Cairo to Cape Town – Tanzania and Malawi Back to News List
13 November 2015
We rode from Kenya into Tanzania on the day of the Tanzanian federal election and had been told there could be some unrest between rival supporters. We didn’t know what to expect, but from our perspective, things seemed calm enough. In the town of Arusha, it was interesting to see cues of Masai warriors standing alongside people in collared shirts and slacks at the poll booths.
As it turned out the incumbent Government won the election however on the Island of Zanzibar there were allegations of vote rigging which resulted in street protests and clashes with police. This forced the local authorities to annul and postpone the election. We were due to arrive on Zanzibar in 2 days
We watched all this unfold on the TV while camping in the cool Tanzanian mountains. It had been a spectacular day riding through mountain twisties and passes. Jack our tour guide, spent the evening trying to find out as much information as he could before deciding whether it was safe for us to travel to the island. At that stage it didn’t look promising.
The following day we rode to the old slave trading port town of Bagamayo on the outskirts of Dar Es Salam (the departure point to Zanzibar), later that night, Jack was told Zanzibar seemed safe and a ferry would leave at 0700 the following morning. That meant a 0300 wake up and bus ride to the ferry terminal.
It was a rough ferry crossing and we were pretty tired, but stepping onto the shores at Stone Town was worth it as it was like stepping into the middle of a Jamaican, African and Arabic cultural fusion it was fascinating. We watched children summersaulting into crystal clear water; fisherman hauling in their nets; we ate dinner at the open-air food market and walked through winding back alleys where time seems to have stalled.
From Stone Town we travelled the length of the Island to Nungwi and relaxed on white sandy beaches for a couple of days ate seafood drank beers and were generally enjoyed being beach bums, all the while being treated to amazing sunsets. This was beginning to feel more like a holiday than an adventure!
After a few days or rest and relaxation we were itching to get back onto the bikes and back on the road. From Dar Es Salam we rode towards Malawi. On the way, we stayed at Makumi Wildlife camp where we were joined by a herd of elephants drinking from a water hole overlooking our dinner table. Africa really is like no other place in the world.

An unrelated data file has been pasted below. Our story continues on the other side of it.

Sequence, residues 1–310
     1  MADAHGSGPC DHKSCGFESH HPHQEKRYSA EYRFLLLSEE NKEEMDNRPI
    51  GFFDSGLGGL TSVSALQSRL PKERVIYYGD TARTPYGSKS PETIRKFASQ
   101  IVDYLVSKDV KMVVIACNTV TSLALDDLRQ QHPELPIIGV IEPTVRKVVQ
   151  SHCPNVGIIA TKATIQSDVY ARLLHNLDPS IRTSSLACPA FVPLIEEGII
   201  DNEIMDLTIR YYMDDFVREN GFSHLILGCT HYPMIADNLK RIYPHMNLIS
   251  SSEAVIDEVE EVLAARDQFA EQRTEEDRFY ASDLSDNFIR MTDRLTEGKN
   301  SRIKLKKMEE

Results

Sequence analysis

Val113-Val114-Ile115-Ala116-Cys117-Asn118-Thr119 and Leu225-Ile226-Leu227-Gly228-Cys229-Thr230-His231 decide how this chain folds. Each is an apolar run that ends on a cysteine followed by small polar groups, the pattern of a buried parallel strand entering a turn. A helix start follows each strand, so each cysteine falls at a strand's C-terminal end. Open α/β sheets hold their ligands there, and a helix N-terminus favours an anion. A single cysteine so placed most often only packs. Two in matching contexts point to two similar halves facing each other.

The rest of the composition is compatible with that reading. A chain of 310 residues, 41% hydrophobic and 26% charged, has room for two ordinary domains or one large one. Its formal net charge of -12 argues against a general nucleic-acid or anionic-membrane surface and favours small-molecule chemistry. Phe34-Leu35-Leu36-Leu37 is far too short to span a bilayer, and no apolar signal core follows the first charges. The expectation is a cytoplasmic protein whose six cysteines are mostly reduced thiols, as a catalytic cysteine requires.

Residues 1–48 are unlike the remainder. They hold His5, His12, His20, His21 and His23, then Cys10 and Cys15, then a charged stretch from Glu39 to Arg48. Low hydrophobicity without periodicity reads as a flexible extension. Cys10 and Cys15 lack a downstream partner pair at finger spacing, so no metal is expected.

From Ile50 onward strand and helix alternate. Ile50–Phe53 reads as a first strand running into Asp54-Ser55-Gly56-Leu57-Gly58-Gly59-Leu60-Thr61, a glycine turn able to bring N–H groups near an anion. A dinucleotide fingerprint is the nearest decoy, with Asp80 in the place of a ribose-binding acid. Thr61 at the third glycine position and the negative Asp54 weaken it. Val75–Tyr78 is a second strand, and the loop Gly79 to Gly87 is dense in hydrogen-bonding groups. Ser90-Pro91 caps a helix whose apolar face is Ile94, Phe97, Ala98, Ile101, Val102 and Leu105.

The following day we rode through the national park, avoiding the abundance of wildlife wandering on and off the road. There were even signposts stating the price of animals if you kill or injure them. Warthogs were $450, lions $5,500 and elephants $15,000.
The border crossing from Tanzania into Malawi was straightforward and before we knew it we were riding on Malawian roads. The change was immediate. From crowded pot holed streets filled with lorries, buses, cars and bikes roaring around at breakneck speed, to a place of calmness, minimum traffic and well paved roads. Malawi was looking good.
Even the topography changed. The almost sub-tropical Tanzanian region leading to the Malawian border changed to flat, dry and sandy coloured plains with almost no vegetation. The Malawian people themselves are very friendly and seem genuinely interested in us. They call Malawi “The warm heart of Africa” and it’s easy to see why.
But the jewel in the crown of the country is Lake Malawi. Covering an area of over 19,000 square kilometres, we spent the next few days riding along side it, camping at magnificent lodges along the foreshore. It was great to swim in the crystal clear fresh water, while being mesmerized by the sunrise and sunsets.
We are currently at Nkhata Bay and this is our last day on the lake. Some of us take the opportunity of having a final early morning swim before heading off. The next country we are due to visit is Mozambique, but first we need to organise our visas. To do that we need to visit the Mozambique embassy in the capital city, Lilongwe which is about 400kms away. It should be a fun ride, we’ve been told the roads are some of the best so far, and we’ve been on some pretty good bike friendly roads so far. Everybody’s itching to get going.
From Mozambique we will travel into Zimbabwe. With so much controversy over the past decade, this is one place we are all pretty keen to check out.